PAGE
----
“Come here, attendant, bring Draupadī, the beloved wife of the Pāṇḍavas.
Let her clean the house; let her provide us with pleasure; let her be one of the servant women”
[Mahābhārata 2.59.1; my own translation]
Vidura however is already in no mood to comply with this order, and instead replies with a stinging speech beginning as follows –
“[Your situation] is hard to comprehend by [a person] like you; [you] fool, bound by cords, you do not understand
You do not perceive [that] you are hanging from a cliff-edge; due to [your] extreme immaturity, you are a deer angering tigers
Very poisonous vipers [are] on your head, [their venom-]sacks filled
[You] very foolish person, do not anger [them]; do not go to the abode of Yama [god who rules over the dead]”
[Mahābhārata 2.59.2–3; my own translation]
Interesting here are the metaphors and descriptions used for how immoral and reckless actions, perhaps through some supernatural effect, including the reference to being bound with cords, which is a Vedic metaphor for sin. Vidura also provides his own view on the outcome of the gambling match in respect of Drapaudī as follows –
Vidura also provides his own view on the outcome of the gambling match in respect of Drapaudī as follows –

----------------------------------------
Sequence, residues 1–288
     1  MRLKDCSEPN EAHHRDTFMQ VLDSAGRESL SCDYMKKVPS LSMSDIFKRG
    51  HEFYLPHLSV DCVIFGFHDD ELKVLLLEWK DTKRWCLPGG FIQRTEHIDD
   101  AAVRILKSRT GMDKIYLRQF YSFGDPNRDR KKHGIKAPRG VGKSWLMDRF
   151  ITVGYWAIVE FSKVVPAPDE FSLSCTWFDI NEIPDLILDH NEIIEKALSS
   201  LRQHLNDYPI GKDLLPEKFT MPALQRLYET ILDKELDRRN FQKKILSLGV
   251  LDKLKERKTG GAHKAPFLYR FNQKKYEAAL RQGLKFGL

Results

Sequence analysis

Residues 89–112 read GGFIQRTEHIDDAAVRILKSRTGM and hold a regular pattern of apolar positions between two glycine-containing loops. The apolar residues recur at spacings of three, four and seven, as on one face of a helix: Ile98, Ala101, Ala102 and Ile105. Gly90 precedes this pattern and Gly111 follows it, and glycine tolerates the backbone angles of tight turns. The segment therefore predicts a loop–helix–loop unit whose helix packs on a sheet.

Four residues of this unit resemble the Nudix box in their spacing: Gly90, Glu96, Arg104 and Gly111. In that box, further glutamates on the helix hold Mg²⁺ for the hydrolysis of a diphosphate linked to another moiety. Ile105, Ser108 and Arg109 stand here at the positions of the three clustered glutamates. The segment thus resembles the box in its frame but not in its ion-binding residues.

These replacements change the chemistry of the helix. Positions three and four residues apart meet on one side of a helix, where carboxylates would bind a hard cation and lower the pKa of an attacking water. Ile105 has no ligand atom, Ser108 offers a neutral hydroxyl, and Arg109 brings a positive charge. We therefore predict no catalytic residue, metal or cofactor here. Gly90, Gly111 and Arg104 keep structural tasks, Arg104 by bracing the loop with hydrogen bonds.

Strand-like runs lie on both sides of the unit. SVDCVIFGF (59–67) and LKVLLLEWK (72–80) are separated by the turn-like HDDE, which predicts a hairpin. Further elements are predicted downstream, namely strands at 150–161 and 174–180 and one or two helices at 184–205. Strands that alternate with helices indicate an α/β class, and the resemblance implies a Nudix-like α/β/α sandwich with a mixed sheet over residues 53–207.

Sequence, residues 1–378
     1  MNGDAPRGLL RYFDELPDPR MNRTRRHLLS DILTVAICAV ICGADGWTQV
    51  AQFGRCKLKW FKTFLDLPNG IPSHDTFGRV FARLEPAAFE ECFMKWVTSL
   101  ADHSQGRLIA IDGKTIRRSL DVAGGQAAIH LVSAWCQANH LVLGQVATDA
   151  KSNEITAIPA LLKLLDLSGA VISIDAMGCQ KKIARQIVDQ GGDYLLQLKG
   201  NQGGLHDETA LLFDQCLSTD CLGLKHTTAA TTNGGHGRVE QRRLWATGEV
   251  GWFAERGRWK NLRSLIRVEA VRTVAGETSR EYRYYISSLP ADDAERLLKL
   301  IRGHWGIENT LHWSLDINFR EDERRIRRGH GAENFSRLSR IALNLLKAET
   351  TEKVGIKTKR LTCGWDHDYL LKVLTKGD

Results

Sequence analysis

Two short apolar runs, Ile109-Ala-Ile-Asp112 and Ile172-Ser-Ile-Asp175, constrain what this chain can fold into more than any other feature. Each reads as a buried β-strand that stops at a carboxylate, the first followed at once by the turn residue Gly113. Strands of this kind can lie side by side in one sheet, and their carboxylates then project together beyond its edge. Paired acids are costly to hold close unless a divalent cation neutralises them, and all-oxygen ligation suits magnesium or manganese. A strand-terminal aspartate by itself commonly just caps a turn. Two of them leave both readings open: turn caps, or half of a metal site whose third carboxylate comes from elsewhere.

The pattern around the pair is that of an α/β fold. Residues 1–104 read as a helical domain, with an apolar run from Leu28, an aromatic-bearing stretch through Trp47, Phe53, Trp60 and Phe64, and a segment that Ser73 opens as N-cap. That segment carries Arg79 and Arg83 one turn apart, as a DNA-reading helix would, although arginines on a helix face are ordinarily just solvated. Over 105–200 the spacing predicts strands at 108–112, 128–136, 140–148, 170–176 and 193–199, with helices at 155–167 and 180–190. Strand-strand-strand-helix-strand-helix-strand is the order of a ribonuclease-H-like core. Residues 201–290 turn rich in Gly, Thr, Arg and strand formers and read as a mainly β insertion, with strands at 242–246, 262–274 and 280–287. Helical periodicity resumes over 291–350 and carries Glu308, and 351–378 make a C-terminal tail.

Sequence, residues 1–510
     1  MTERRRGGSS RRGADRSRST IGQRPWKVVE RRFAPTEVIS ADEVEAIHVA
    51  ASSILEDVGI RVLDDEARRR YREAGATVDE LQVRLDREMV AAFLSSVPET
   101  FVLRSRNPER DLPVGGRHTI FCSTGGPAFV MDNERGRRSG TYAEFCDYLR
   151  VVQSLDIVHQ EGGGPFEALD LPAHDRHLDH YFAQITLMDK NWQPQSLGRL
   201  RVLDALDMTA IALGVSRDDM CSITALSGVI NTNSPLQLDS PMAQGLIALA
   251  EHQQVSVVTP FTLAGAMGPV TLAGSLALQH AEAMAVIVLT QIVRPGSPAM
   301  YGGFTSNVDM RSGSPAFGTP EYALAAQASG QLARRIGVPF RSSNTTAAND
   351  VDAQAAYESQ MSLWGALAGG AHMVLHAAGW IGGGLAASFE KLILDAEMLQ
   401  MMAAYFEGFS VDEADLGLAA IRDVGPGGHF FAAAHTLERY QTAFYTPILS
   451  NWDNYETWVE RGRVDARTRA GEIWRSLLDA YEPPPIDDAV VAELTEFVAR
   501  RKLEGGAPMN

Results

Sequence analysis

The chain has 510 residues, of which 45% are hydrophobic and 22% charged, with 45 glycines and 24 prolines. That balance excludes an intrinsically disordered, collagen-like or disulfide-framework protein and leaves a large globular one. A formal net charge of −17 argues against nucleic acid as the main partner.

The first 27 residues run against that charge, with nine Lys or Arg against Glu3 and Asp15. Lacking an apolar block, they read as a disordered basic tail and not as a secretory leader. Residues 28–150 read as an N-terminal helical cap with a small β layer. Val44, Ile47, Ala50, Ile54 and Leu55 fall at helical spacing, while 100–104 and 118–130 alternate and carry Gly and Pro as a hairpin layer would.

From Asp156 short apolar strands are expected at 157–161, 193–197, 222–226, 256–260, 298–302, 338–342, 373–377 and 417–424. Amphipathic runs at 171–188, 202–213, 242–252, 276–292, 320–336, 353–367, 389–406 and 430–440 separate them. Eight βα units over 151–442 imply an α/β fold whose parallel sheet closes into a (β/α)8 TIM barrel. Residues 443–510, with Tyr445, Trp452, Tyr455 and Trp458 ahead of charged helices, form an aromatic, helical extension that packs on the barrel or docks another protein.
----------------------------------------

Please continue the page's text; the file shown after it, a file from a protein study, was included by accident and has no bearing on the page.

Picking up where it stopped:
“To explain, it is not the case that Draupadī has fallen into slavery, Bhārata!
For, this one cannot be staked in gambling by a king [who is] powerless — this is my opinion”
[Mahābhārata 2.59.4; my own translation]
When a more junior servant is then sent by Duryodhana to fetch Draupadī, she immediately sends him back to the hall with the relevant question for Yudhiṣṭhira –
“Draupadī asks you, whose master were you when you lost me?
That is to say, who did you first lose, yourself or me?”
[Mahābhārata 2.60.8; my own translation]
As Vidura had already noted, the idea is that, having lost sovereignty even over himself, he would no longer have any standing to make a stake in the gambling match. When the servant is sent back by Duryodhana with more firm instructions to actually bring Draupadī to the hall, again she sends him back a second time in the same way, this time reflecting on her predicament as follows –
“Certainly, the saṃvidhātṛ arranged thus; both [pleasant and unpleasant types of] feelings in respect of [both] the wise and the immature. On the other hand, dharma is said to be the one primary [thing] in this world; being protected, it gives us peace. Truly let that [which is] this dharma not abandon the Kauravas. Going to the assembly hall, ask my question about dharma. I will certainly do what they tell me what the excellent morally wise individuals [of the assembly] advise me.”